“The starting point of all achievement is desire.”
• Ernesto “Che” Guevara (1928-1967) — A Marxist revolutionary with a medical degree … now there’s some malpractice. Born in Argentina, Guevara received his medical degree from the University of Buenos Aires in 1953 but he abandoned medicine believing that only revolution could reform South America. A product and student of Latin American hunger, poverty, and disease, Guevara was a major player in the 1959 Cuban Revolution, serving as Fidel Castro’s second in command. He was captured and executed during guerilla warfare in Bolivia. A voracious reader and radical writer, Guevara’s image remains a counterculture symbol even today.
• Samuel Prescott (1751-1777) — Most people remember Paul Revere’s “midnight ride” during the American Revolution, but another Massachusetts Patriot played a big role that night on April 18, 1775 — and it was a doctor. Early in the war, it was Revere, Prescott, and William Dawes who rode horses to warn Concord citizens that the “British were coming.” Indeed, only Prescott made it to Concord. His death remains sketchy, but he may have died as a POW while serving as a Continental Army surgeon. The doctor’s famous ride continues to be re-enacted to this day.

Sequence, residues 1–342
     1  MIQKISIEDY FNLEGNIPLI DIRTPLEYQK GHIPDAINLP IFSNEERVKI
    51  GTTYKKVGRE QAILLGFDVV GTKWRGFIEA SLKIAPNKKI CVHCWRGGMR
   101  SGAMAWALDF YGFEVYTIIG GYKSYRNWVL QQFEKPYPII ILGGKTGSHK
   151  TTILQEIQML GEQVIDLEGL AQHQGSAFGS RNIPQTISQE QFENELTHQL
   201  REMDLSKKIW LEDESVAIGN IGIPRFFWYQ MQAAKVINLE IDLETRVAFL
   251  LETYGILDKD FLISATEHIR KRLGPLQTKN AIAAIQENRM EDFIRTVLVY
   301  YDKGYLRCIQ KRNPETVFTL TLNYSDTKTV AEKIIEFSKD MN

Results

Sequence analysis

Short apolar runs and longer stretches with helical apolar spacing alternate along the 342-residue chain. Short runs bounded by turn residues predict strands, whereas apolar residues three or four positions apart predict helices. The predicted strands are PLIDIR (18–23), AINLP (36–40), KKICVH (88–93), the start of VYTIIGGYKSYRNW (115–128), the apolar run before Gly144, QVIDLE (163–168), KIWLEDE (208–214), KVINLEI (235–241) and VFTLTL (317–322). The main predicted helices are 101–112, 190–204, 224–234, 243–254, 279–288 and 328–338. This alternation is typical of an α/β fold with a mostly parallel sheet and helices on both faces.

• James Naismith (1861-1939) — The inventor of basketball was a physician. Pretty amazing. Born in Ontario, Canada, Naismith invented the sport of basketball in 1891 and, if that wasn’t enough, 7 years later he earned a medical degree from the University of Colorado Medical School. Naismith developed the game and its rules (in just two weeks) while serving as a gym teacher in Springfield, MA. He was a physical education professor at the University of Kansas for 20 years (and there would become the first college basketball coach in US history). Established in 1959, the NBA’s Hall of Fame is named in his honor.
• William Thornton (1759-1828) — As seen with Obamacare matters, politics and medicine seldom mix. But with William Thornton it did. Born in the British Virgin Islands, Thornton was the designer of the glorious U.S. Capitol Building in Washington, DC. He had won a 1789 contest to design the building that would accommodate America’s new bicameral legislature. A man of varied ability, Thornton was a respected painter, inventor, architect, and University of Aberdeen-trained physician (1784). He later served as the U.S. Patent Office chief. In 1799, a dying George Washington summoned Thornton to Mount Vernon but he arrived too late to treat our “Founding Father.”
• Ronan Tynan (1960-) — While many of today’s doctors have little to sing about, one physician has taken it to a high art form. An internationally-renowned Irish-born tenor-singer, Tynan has performed for American Presidents, Catholic Cardinals, the MLB and the NHL. He earned his MD from Trinity College in Dublin in 1993 and specializes in orthopedic sports injuries. Birth defects and a 1980 auto accident caused the amputation of his lower legs. With the “ability to simultaneously console and inspire,” his performances of Gold Bless America at old Yankee Stadium in New York are stuff of legend.